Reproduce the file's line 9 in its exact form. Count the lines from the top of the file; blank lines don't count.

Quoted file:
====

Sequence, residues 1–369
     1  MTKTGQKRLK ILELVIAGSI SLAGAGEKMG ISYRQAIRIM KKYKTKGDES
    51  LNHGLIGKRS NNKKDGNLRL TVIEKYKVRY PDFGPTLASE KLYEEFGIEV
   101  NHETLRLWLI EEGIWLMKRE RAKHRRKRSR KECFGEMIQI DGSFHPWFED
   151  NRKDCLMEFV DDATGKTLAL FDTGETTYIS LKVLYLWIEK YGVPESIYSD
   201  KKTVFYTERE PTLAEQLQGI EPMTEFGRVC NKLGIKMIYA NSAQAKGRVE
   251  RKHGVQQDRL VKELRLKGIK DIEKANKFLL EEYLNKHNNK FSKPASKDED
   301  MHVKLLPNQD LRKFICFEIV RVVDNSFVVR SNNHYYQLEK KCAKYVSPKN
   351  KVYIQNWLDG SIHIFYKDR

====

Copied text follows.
   351  KVYIQNWLDG SIHIFYKDR